I’m fine with anyone who wants to argue the value proposition. It’s inarguably an inexpensive ball. It’s also true that, from a quality and consistency standpoint, it falls well short of the market leaders.

      Reply

      Kyle

      4 years ago

      Joe…dude, did you even read the report? We get that you like a “bargain” but the data says it’s a bad ball. Data. Not opinion. Just happily play your $12 a dozen rocks, knowing full well they can’t compare to OEM offerings. They don’t have to. Apples and oranges mate.

      Reply

      Stephen Nichols

      4 years ago

      Joe, cognitive bias is a real thing, man. Look it up.

      Reply

      Wayne

      4 years ago

      Hey Joe… If you wanna play Coctco balls go ahead. You can also play your Taylormade bubble-shafted Burner driver that you bought on Ebay for $10, but if you are any kinda fan or viewer of MyGolfSpy you’d know better than to question the integrity of their tests!

      Reply

      J, Bristol

      4 years ago

      Hi Tony, thanks for another interesting Ball Lab article. As a result of the MGS’ 2019 Ball Test I’ve been testing both the KSig 3-Piece & Inesis Tour 900 balls. this summer, as low cost urethane options (I’m not rich enough or good enough to want to lose more expensive balls). I find little difference in the tee-to-green performance of these balls but I find I prefer the greenside performance & firmer feel off the putter of the KSig 3-Piece. and I have a couple of questions.
      1. Will you be reviewing the Inesis Tour 900 ball in Ball Lab?
      2. What other ball is similar to these balls in terms of feel and actual performance (performance-wise I’m referring back to the 2019 Ball test & obviously not Ball Lab) that I could test as another option?

      Reply

      Tony Covey

      4 years ago

      Looking into testing some Inesis. DTC and house brand models take more time to the source because we like to spread out orders over time, and when possible, between vendors. That’s especially true now that we have enough models in our database to understand the range of quality within the market.

      I mentioned it in the report, I believe. The Mizuno RB Tour Series and the Volvik S4 have similar low launch/low spin characteristics.

      Reply

      J, Bristol

      4 years ago

      Thanks again Tony. I’m playing Inesis & KSig due to price and for the benefits of urethane covers. Your response is great as it raises the question that while the price might be right (Inesis £23/doz; KSig £13/doz in the UK) is the ball right for me.? As the KSig is stated as ‘low launch / high spin’ & my low launch with my driver & irons are a running joke among my playing partners, especially my infrequent ‘worm-burners’ that run forever. I’ll have a look at the Mizuno & Volvik balls plus try some other high launch / high spins balls at similar compression. I take it that with a 98 mph drive swing speed it would be best to steer clear of ‘x’ versions of balls?

      Peter

      4 years ago

      I personally play these balls because the price is right based how many balls I lose. Once my game comes around to where I’m not losing so many balls, I plan on starting to play something nicer and consistent.

      Reply

      Rocky

      4 years ago

      I am sure this has probably mentioned somewhere but is there a way to find out if a ball is defective/unbalanced without cutting it open? Thanks Tony and Mygolfspy for all you are doing for the golf consumers.

      Reply

      Berniez40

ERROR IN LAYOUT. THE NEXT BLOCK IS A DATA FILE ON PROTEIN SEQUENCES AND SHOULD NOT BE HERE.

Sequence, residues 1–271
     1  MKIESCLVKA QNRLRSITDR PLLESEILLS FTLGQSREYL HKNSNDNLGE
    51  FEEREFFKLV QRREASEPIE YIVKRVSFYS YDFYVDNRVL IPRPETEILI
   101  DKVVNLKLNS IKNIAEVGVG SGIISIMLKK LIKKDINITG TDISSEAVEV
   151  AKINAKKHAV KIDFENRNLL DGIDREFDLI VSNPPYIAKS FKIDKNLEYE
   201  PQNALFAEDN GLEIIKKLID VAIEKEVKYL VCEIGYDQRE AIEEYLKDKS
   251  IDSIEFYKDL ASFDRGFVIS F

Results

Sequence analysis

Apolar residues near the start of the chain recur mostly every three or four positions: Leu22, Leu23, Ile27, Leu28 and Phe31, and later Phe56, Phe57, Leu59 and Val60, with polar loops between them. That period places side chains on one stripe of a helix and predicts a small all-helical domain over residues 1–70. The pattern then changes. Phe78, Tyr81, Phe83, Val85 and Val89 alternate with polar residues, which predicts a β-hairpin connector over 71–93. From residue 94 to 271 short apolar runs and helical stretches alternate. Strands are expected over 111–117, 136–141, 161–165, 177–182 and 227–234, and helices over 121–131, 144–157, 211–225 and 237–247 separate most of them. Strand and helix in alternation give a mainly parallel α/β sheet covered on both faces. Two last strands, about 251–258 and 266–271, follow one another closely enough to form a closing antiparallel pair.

4 years ago

      I really like the review model and the scientific approach it takes.. It continues to shoot holes in all the marketing B.S. that’s out there. I have hit many of the Costco 3-piecers that I find on the course, and remain completely underwhelmed every time I do so. They remind me of the Rock Flites of old before Dick’s bought the name, and found a consistent manufacturer.
      If Costco wants to be taken seriously in the ball market, they need to do something simialr. Even if the balls ended up costing $19.99 a dozen, they would be an absolute bargain—-especially if newer manufacturing ended up giving us a 3 piece urethane coverd ball of consistent quality.
      Between the putters, the wedges, and the gloves, they have already cleaved out a nice little niche for themselves.. A truly good ball, one that could actually give the TaylorMades and Titleists a run for their money at less than half the price would be huge. At that point, Costco is really in the game. and maybe, just maybe, with such huge price reductions, and quality product available to the masses, we could turn the golf industry back around. Sadly, though in recovery mode thanks to Covid (how ironic) the industry is still licking it’s wounds after the great recession wiped out the traditional retail and business models in the golf industry.With the right product at the right price Costco could become an integral part of the new model for the industry.

      Reply

      Pete

      4 years ago

      Bermiez40
      What you’ve seen in the past, and currently with things like the glove Cotco sell ms will never happen with golf balls, when they tried to make a ball as good as Titleist and Taylormade, they were sued and forced to stop due to patent infringement. The other part of this you fail to mention is the quality and consistancy of the raw materials used to make golf balls as well as the tooling, and manufacturing equipment balls are made with. Labor costs are a small part of it, like most products in the world in any industry, you get what you pay for, and the difference between $19.99 and $49.99 isn’t all in Marketing and huge profits, if you knew what it costs to run a clean production facility with temperature and humidity controlled space, and the equipment costs, tooling, R&D, and a group desiccated to evaluating all competitors golf balls, as well as a legal department to not only keep others from infringing on your parents, but also prevent you from infringing on other major players, you’d have a greater understanding of the difference in the price per dozen.